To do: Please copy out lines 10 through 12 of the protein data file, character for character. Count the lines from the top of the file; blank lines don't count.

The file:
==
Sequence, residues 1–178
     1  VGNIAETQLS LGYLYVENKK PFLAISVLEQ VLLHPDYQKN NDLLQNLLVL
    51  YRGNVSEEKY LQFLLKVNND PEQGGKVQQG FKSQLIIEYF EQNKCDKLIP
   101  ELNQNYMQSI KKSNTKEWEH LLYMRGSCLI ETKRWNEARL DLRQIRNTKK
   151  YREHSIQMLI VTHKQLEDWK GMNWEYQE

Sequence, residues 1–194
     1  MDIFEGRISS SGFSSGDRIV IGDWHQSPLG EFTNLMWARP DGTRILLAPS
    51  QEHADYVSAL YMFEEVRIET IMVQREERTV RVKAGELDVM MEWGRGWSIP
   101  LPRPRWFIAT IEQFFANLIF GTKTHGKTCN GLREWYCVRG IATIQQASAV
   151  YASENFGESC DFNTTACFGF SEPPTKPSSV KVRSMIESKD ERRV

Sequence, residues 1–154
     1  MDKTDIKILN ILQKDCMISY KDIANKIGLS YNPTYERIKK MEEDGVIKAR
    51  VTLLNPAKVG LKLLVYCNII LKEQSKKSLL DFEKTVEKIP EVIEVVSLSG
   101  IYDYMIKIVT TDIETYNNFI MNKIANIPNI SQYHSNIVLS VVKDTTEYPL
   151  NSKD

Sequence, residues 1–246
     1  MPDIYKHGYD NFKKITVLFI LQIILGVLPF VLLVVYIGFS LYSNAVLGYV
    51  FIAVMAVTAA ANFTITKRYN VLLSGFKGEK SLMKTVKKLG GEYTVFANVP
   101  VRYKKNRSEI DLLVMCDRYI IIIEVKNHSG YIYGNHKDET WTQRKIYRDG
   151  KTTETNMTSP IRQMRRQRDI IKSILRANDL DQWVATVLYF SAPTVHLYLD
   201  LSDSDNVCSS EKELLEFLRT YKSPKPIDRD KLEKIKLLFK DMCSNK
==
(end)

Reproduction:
   151  YASENFGESC DFNTTACFGF SEPPTKPSSV KVRSMIESKD ERRV

Sequence, residues 1–154
     1  MDKTDIKILN ILQKDCMISY KDIANKIGLS YNPTYERIKK MEEDGVIKAR